Jovanka Beckles, one of two Democrats in next month’s 15th Assembly District race, used a candidates forum in Berkeley last Tuesday to make her most fulsome imitation yet of Bernie Sanders’ brand of progressive populism against opponent Buffy Wicks.

“I”m so disappointed to see billionaires, the charter school lobby, and big PACs from across the country put over $1 million in this election. These billionaires know what they’re buying,” said Beckles. “They’re buying a promise to delay and block Medicare for all. They’re buying a promise to oppose Prop. 10 and the movement to win universal rent control. They’re buying policies that work for them, not for us. That’s why we need a representative for people, not profit.”

The statement was the most pointed yet against Wicks, who has not only dominated the race in campaign contributions, but has also been the beneficiary of numerous Independent Expenditure Committee, some heavily funded by supporters of charter schools.

Beckles’ talking points were often met with rousing applause among the roughly 500, mostly seniors, in attendance at Berkeley’s Community Theater. But when Wicks twice declared a pledge not to accept contributions from corporate backers, the audience snickered.

Wicks’ statement is not false, but also not an entire depiction of her campaign’s reliance on large contributions from some of the most powerful people in the Democratic Party.

The forum also additionally highlighted the analogy between this intra-party race and the often divisive battle in the 2016 presidential primary between Sanders and Hillary Clinton.

But more surprisingly was the growing number of disagreements between Beckles and Wicks when it comes to various policy points. In nearly every East Bay Dem-on-Dem General Election for the state legislature since the top two primary was initiated in 2012, the difference between the two Democrats have been minute, including the 2014 race in this district between Tony Thurmond and Elizabeth Echols.

Throughout, Beckles repeatedly channeled Sanders-like screeds against the rich, while touting for a government more in tune with the people and less with corporations, She called for a public takeover of Alta Bates Hospital, in the event health care giant Sutter Health goes through with its plans to shutter the Berkeley hospital.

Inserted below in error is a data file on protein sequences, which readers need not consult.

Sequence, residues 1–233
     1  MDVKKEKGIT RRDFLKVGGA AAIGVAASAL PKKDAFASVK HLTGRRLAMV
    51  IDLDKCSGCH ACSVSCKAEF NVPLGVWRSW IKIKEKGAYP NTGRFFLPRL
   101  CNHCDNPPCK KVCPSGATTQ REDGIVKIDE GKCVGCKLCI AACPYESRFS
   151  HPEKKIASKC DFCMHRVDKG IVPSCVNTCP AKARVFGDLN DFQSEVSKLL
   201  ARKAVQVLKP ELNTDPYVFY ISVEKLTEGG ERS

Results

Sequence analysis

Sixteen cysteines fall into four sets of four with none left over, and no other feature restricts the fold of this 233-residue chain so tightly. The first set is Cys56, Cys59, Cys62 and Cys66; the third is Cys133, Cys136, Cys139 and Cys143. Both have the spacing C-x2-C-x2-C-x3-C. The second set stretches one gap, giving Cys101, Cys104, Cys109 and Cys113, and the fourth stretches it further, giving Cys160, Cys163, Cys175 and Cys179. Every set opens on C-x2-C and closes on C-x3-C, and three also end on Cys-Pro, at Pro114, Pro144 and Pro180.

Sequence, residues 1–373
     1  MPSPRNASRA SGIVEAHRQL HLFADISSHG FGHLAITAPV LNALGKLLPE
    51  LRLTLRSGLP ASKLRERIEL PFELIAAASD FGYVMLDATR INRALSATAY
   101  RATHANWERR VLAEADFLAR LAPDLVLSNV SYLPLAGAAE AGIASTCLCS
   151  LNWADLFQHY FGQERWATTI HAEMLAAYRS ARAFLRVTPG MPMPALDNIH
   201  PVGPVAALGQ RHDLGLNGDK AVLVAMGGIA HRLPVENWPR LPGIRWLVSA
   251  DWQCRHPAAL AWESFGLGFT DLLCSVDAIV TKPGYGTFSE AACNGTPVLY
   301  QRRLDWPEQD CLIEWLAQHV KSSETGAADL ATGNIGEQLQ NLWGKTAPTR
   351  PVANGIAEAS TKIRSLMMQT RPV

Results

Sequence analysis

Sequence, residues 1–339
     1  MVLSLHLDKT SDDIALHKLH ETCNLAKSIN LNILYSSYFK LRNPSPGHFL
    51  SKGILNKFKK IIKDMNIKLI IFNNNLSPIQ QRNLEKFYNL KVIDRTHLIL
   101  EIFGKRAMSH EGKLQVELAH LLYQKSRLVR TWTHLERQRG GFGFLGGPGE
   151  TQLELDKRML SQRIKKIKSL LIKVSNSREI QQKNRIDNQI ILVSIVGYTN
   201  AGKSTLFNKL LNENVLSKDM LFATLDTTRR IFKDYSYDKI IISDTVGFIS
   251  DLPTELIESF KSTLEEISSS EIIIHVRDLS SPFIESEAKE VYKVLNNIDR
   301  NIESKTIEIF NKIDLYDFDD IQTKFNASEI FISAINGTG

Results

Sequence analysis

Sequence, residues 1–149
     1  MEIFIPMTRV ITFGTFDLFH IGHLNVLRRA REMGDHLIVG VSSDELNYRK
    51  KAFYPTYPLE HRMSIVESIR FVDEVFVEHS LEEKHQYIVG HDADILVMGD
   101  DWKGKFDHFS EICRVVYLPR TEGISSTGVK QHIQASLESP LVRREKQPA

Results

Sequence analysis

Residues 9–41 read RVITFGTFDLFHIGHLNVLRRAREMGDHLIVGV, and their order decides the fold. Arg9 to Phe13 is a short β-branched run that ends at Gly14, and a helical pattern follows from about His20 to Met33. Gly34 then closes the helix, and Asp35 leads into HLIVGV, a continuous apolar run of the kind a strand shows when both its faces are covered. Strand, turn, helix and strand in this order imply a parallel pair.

She also issued strong support for rent control, taxing oil drilling, weaning the public off gas-powered vehicles, and affordable housing, as long as it benefitted “people over profit,” she said.

Wicks advocated for a Medicare-for-all plan in the state and added any possibility of a single-payer health care program would likely have to wait until after 2020—and only if President Trump is not re-elected—because a federal waiver is required. The Trump administration’s opposition to the Affordable Care Act would make granting such an accommodation to the state unlikely. Beckles also supports single-payer health insurance.

Much of the disagreement between the candidates revolves around housing and charter schools. Beckles supports Proposition 10, the repeal of the Costa-Hawkins Act which prohibits rent control on single-family and same newer apartment buildings, Wicks does not.

“We need to build more and I think that’s the root cause of the housing crisis that we’re in,” said Wicks. But when it came to upzoning for density in neighborhoods and building new housing around BART stations, Beckles’ refrain each time was to question the profit-driven motives of developers over the public.

In many ways, 15th District race appears like to be a proxy fight for public versus charter schools. Money from IEs supporting charter schools has already flowed in favor of Wicks for months and appears likely to continue over the final five weeks of the campaign.

Wicks, though, muted her comments on the subject, only saying she supports greater transparency of charter schools and for unionizing their teachers. Beckles countered by calling for a blanket moratorium on the approval of any new charter schools in the state.

But even when the candidates agreed, their stances veered from state party orthodoxy, at least among current and past members of the East Bay’s legislative caucus. For instance, both oppose two of Gov. Jerry Brown’s legacy projects–state high-speed rail and the twin Delta tunnels water projects.